6.2/10
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Vanity Fair (2004)

PG-13 | | Drama | 1 September 2004 (USA)
Growing up poor in London, Becky Sharp defies her poverty-stricken background and ascends the social ladder alongside her best friend, Amelia.

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(screenplay), (screenplay) | 2 more credits »

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2 wins & 5 nominations. See more awards »

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Cast

Cast overview, first billed only:
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Angelica Mandy ...
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Ms. Green (as Lillette Dubey)
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John Franklyn-Robbins ...
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Gambler
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Storyline

The British Empire flowers; exotic India colors English imaginations. Becky Sharp, the orphaned daughter of a painter and a singer, leaves a home for girls to be a governess, armed with pluck, a keen wit, good looks, fluent French, and an eye for social advancement. Society tries its best to keep her from climbing. An episodic narrative follows her for 20 years, through marriage, Napoleonic wars, a child, loyalty to a school friend, the vicissitudes of the family whose daughters she instructed, and attention from a bored marquess who collected her father's paintings. Honesty tempers her schemes. No aristocrat she, nor bourgeois, just spirited, intelligent, and irrepressible. Written by <jhailey@hotmail.com>

Plot Summary | Plot Synopsis

Taglines:

On September 1st, a heroine will rise. See more »

Genres:

Drama

Motion Picture Rating (MPAA)

Rated PG-13 for some sensuality/partial nudity and a brief violent image | See all certifications »
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Details

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Language:

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Release Date:

1 September 2004 (USA)  »

Also Known As:

Vanidad  »

Box Office

Budget:

$23,000,000 (estimated)

Opening Weekend:

$6,268,925 (USA) (3 September 2004)

Gross:

$16,123,851 (USA) (5 November 2004)
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Technical Specs

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Sound Mix:

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Aspect Ratio:

2.35 : 1
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Did You Know?

Trivia

Natasha Little, who plays Lady Jane Sheepshanks, played Becky Sharp in Vanity Fair (1998). See more »

Goofs

When Becky Sharp comes to London, a modern-day street lamp is reflected in the coach's window. See more »

Quotes

Becky Sharp: I'll manage.
Rawdon Crawley: Won't you just. There never was a woman that could manage like you, Becky Sharp.
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Crazy Credits

Before the credits start rolling the word "Alvida" (goodbye) appears in Urdu script. Beneath it is the following dedication: for our beloved Ammy Kulsum Alibhai 1927-2003 See more »

Connections

Version of Vanity Fair (1998) See more »

Soundtracks

The Lancer's Quadrilles: Ladoiska
Composed by Rodolphe Kruetzer
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User Reviews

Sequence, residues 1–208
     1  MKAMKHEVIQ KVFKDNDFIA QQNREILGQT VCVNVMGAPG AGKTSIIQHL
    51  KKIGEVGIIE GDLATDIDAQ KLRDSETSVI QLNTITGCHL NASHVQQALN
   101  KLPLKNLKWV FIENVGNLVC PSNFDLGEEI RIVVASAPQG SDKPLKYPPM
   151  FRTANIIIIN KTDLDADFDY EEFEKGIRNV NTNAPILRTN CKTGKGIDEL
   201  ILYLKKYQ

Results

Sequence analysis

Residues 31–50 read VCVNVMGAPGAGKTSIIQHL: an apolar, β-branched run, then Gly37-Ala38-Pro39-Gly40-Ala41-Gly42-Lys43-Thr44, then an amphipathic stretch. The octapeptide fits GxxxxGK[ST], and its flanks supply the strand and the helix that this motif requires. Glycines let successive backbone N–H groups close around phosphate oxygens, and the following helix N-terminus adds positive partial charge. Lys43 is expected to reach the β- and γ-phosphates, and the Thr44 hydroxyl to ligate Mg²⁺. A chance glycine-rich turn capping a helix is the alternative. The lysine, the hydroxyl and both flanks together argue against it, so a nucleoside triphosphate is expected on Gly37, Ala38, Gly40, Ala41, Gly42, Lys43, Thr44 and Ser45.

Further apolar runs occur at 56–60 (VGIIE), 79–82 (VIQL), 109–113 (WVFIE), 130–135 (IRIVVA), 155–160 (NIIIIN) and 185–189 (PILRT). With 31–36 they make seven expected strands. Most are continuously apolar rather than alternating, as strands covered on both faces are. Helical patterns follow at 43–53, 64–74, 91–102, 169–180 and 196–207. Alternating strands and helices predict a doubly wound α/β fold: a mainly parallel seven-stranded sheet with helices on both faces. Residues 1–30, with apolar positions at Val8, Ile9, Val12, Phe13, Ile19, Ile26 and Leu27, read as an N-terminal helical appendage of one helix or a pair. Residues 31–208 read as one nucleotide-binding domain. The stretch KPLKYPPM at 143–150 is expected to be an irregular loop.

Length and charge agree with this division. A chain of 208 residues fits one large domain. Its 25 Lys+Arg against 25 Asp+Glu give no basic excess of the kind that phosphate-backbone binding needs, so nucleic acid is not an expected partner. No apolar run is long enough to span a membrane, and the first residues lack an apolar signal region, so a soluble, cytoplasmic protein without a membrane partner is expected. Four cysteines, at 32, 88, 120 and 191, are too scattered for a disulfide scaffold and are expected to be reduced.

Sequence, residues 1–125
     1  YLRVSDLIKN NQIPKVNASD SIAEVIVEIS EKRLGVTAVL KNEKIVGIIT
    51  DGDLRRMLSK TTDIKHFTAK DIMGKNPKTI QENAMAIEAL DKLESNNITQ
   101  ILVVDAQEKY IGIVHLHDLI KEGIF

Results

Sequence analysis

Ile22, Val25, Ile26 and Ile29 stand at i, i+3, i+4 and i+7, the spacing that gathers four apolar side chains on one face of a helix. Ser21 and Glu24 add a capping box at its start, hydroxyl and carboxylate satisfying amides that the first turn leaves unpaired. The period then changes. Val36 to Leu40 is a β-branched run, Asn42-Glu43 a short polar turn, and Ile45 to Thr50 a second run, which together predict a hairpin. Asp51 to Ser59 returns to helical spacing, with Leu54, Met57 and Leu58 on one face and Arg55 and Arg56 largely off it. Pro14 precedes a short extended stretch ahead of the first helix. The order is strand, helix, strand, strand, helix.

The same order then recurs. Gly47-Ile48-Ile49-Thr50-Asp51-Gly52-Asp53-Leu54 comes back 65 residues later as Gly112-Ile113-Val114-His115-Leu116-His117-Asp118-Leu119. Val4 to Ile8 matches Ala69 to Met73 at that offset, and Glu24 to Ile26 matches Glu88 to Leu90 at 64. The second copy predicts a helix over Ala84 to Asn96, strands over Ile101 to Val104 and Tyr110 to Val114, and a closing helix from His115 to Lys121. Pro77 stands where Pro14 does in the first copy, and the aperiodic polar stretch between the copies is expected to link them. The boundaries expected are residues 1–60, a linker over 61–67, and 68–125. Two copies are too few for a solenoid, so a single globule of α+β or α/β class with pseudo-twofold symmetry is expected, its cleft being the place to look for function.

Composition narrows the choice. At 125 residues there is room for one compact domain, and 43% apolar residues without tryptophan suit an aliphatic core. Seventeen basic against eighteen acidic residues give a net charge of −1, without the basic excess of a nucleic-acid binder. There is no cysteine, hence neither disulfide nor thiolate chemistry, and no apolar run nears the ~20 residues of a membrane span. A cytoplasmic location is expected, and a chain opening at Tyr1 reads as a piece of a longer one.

Social climbing
12 January 2006 | by (New York) – See all my reviews

William Thackerey's "Vanity Fair" has been adapted for the screen and television in numerous occasions. It is almost an impossible task to get a coherent take on a narrative that spans a lot of years and in which a lot happens.

This adaptation of the book by Mira Nair with the adaptation by Julian Fellowes, is sumptuously photographed by Declan Quinn, who captures the Regency period in the England at the beginning of the XIX century. Ms. Nair's touch is evident in the way the costumes have an Indian flair as they were brilliantly executed by designer Beatrix Aruna Pasztor. Maria Djurkovic's wonderful production design is also an asset.

If anything, this reincarnation of the Thackerey's novel is a joy for the eyes. The rich period in which the action takes place comes alive in the screen as a feast of colors, which in a way, compensate for the failings on the story and in the way Ms. Nair conceived the way she wanted to tell this tale about an ambitious young woman who is the epitome of social climbing. As a character puts in the film, Becky Sharp would be a perfect mountaineer.

Part of what is wrong with the film is Reese Witherspoon in the central role. Not that her interpretation is wrong, it's that she doesn't project the character of Becky Sharp with an intensity that another actress might have brought to the role. In part, this might not have been Ms. Witherspoon's fault, but the director's, in the way she guided the key performance.

The other failure of the film lies in the last scenes in which one finds Becky in Baden-Baden. Becky, Amelia, and Dobbins, haven't aged one iota. For the sake of realism, a bit of old age makeup should have been applied to these actors, or else, one might believe in the curative waters of that German spa. If it was true, we should be taking the next flight to Germany. After all, if that were the case, it would be the end of plastic surgery as we know it!

Some of the best actors of the English stage and screen are seen in various roles. Bob Hoskins, Eileen Atkins, Jim Broadbent, Gabriel Byrne, Barbara Leigh-Hunt, Rhys Ifan, Romola Garai, Jonathan Rhys-Meyer, James Purefoy, just to name a few, do an excellent job in the portrayal of their characters.

This "Vanity Fair", although flawed, is not a total failure. Mira Nair shows an amazing talent for being in command of such a large project.


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